Japan sticks to its mainland battle plan
Navy Admiral Kantaro Suzuki, President of the Privy Council, was appointed to succeed Prime Minister Kuniaki Koiso. Suzuki, who served as Grand Chamberlain for a long time, was deeply trusted by the Emperor. However, he was already 77 years old and hard of hearing.
Why was Suzuki appointed as the last wartime Prime Minister? Koiso presented his resignation as Prime Minister on the morning of April 5, 1945. According to Kido Koichi Nikki (Diary of Koichi Kido), at an evening conference of jushin, senior statesmen who served as extra constitutional advisers to the Emperor, which began with an address by Lord Keeper of the Privy Seal Koichi Kido, former Prime Minister Hideki Tojo was the first to offer his opinion. Tojo stated, “It isn’t good that Cabinets fail and change frequently during a war...The next Cabinet should be the last one [during the war]. The nation is divided between those who want to continue fighting until a glorious victory is won, and those who favor accepting demands for our unconditional surrender and immediately make peace. I think we need to decide now which path to take.”
The Army wanted “an Army general on active duty” to succeed Koiso. Considering this, Tojo’s statement apparently was a warning aimed at people including former Prime Ministers Fumimaro Konoe and Keisuke Okada, who were proponents of the peace path. Kiichiro Hiranuma and Suzuki agreed with Tojo. However, Okada, Konoe and Reijiro Wakatsuki, another former Prime Minister, held their ground, insisting that the jushin conference’s aim was merely to choose the next Prime Minister and they had no right to “make any decision on national policy now.” Consequently, they agreed the next Prime Minister should be somebody who at least will “continue fighting until the end,” as Hiranuma and Suzuki had sought. Hiranuma recommended Suzuki to be the next Prime Minister, and Konoe and Wakatsuki supported the idea. However, Suzuki felt he was not the best choice. “It would destroy the nation if military officers interfere in politics...I also have poor hearing. I’d like to turn down the recommendation,” Suzuki said.
But Hiranuma was persistent and stated, “Though Mr. Suzuki is a Navy officer, he is deeply trusted by the Emperor as he served as civil servant for a long time.” Kido had earlier gained the approval of Okada, Konoe, Navy Minister Mitsumasa Yonai and other Cabinet ministers who could not attend the conference, to push for Suzuki to be the next Prime Minister. Tojo recommended Army General Shunroku Hata be given the post. In the end, Kido urged Suzuki to stand up, and most of those in attendance agreed to support him. “Now that our homeland will become a battlefield, if you aren’t very careful, the Army may turn its back on us,” Tojo said, trying to drum up support for Hata. “If the Army turns on us, the Cabinet will collapse.” However, the discussion finished after Okada briefly chided Tojo for speaking for the Army.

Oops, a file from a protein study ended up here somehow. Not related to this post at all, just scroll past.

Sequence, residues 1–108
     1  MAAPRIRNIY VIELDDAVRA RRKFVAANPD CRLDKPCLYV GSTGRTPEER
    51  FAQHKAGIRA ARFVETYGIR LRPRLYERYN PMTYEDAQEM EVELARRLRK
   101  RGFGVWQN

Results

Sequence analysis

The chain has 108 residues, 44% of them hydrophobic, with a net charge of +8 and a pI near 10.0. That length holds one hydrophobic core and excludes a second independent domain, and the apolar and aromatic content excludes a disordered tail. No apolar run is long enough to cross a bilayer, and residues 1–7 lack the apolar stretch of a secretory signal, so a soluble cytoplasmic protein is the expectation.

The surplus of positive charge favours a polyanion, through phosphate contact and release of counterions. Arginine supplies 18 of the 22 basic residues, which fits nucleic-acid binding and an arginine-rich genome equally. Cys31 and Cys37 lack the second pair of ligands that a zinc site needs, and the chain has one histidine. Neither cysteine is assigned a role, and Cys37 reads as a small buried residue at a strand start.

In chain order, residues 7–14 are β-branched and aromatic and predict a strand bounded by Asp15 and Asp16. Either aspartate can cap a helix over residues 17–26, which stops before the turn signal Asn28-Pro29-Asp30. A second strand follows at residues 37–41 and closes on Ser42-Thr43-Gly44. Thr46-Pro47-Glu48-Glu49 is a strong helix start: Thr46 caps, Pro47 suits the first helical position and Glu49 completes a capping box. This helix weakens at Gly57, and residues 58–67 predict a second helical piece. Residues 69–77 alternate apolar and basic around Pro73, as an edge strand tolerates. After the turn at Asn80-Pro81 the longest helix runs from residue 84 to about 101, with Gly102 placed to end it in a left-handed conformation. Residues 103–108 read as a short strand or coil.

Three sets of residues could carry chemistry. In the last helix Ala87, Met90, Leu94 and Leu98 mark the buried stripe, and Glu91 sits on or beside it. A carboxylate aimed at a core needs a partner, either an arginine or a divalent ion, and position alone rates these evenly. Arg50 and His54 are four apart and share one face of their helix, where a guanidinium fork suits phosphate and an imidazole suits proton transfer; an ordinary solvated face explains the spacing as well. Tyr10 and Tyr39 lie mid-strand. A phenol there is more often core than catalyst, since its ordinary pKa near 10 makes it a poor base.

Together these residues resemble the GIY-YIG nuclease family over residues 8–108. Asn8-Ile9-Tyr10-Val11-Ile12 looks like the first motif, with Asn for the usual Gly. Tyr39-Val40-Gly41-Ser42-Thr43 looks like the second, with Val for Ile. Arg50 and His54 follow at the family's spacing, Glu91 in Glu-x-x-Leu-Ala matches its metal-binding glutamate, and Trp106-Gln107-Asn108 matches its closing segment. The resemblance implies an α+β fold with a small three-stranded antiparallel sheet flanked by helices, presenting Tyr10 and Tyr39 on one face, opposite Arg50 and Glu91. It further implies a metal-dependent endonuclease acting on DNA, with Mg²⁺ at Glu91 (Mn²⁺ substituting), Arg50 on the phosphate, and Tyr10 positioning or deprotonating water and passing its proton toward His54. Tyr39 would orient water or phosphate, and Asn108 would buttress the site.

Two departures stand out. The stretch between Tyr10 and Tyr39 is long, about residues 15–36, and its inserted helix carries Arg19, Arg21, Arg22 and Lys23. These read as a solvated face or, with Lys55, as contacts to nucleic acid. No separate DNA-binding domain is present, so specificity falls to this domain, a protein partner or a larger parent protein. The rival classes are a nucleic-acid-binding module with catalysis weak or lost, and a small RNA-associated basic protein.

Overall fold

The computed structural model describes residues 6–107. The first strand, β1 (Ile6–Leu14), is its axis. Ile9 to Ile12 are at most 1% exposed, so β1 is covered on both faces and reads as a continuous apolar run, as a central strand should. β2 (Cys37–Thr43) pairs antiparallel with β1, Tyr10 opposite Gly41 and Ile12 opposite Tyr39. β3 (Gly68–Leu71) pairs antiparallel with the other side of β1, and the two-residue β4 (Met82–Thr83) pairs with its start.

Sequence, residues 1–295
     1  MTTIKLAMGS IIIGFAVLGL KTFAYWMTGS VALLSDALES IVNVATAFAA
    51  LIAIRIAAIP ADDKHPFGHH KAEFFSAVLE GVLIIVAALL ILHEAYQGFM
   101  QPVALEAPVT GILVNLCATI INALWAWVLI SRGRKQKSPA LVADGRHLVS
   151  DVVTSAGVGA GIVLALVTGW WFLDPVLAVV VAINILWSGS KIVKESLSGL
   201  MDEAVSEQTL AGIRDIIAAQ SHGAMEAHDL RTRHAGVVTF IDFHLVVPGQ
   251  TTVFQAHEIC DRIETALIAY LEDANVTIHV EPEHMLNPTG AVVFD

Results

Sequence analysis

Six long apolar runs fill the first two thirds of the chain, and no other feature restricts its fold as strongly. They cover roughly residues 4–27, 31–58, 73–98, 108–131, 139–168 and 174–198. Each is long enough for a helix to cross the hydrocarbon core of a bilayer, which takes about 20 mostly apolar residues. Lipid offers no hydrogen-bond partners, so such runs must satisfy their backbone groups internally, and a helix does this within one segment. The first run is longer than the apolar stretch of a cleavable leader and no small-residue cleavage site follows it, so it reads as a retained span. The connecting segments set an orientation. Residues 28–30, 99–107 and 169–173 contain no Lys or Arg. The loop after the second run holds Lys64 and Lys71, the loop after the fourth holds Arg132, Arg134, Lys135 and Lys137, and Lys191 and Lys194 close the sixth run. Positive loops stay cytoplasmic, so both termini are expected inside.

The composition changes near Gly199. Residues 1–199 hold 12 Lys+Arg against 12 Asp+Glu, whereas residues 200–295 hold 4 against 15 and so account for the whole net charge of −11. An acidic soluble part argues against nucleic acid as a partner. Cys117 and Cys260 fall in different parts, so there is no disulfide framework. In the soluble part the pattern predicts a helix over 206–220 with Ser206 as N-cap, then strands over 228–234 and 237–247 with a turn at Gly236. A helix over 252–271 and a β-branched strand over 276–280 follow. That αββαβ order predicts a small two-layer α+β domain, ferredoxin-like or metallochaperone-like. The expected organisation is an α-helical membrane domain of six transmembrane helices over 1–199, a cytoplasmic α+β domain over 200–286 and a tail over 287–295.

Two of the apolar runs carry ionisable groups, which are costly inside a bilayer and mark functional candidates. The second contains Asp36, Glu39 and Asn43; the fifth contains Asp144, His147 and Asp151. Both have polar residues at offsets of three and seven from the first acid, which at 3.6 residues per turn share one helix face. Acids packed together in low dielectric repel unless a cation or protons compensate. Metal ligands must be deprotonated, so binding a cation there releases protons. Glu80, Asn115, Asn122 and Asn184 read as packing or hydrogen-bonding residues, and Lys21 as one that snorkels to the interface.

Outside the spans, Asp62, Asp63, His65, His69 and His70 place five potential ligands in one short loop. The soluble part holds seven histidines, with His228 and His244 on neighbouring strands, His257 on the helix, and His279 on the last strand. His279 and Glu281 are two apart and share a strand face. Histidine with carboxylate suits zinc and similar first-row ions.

Kido later wrote in his diary that there was a tacit agreement among the jushin about seeking peace, but they did not speak up at the conference because they “feared the Army may take matters into their own hands if they made remarks about their wish to terminate the war.” At midnight on April 5, Suzuki was granted an audience with the Emperor, who ordered him to form a new Cabinet. According to custom, the Emperor was supposed to say, “You should abide by the Constitution after forming the Cabinet.” However, the Emperor omitted such formalities with Suzuki. Grand Chamberlain Hisanori Fujita later said the Emperor “ordered Mr. Suzuki to form a Cabinet without giving any preconditions.”
Suzuki asked the Emperor to allow him to decline the post. However, in an extraordinary statement the Emperor said, “At this critical juncture, there is nobody else. I beseech you, please accept my order, even if it goes against your wishes.” The Army was still distrustful of Suzuki. War Minister Hajime Sugiyama presented three conditions to Suzuki, who had already started forming the Cabinet:
Sugiyama implied he would not support the new War Minister if Suzuki did not accept these conditions. Despite Sugiyama’s concerns, Suzuki readily agreed to these demands—he picked Korechika Anami as War Minister and Shigenori Togo as Foreign Minister. He also retained Mitsumasa Yonai as Navy Minister.
Although the Army had wanted Yonai, who had refused to integrate the Army with the Navy, to go, he remained in his post partly because Suzuki wished him to do so. The Army, which had its sights set on fighting the final battle on the mainland, called for integration with the Navy. However, the Navy scoffed at the idea, adamant that any such integration would mean its absorption by the Army. What might have happened if the forces had been integrated? If the Army and Navy had been integrated, “We couldn’t have accepted [the Potsdam Declaration] due to absolute opposition from the military,” Navy Captain Atsushi Oi later said. “As a result, the mainland would have been destined to become a battlefield.”
The Suzuki Cabinet was inaugurated on April 7, the day the colossal battleship Yamato and five other ships of the Navy’s Second Fleet, which were heading to Okinawa on a suicide mission, were sunk by U.S. forces before they could accomplish their mission.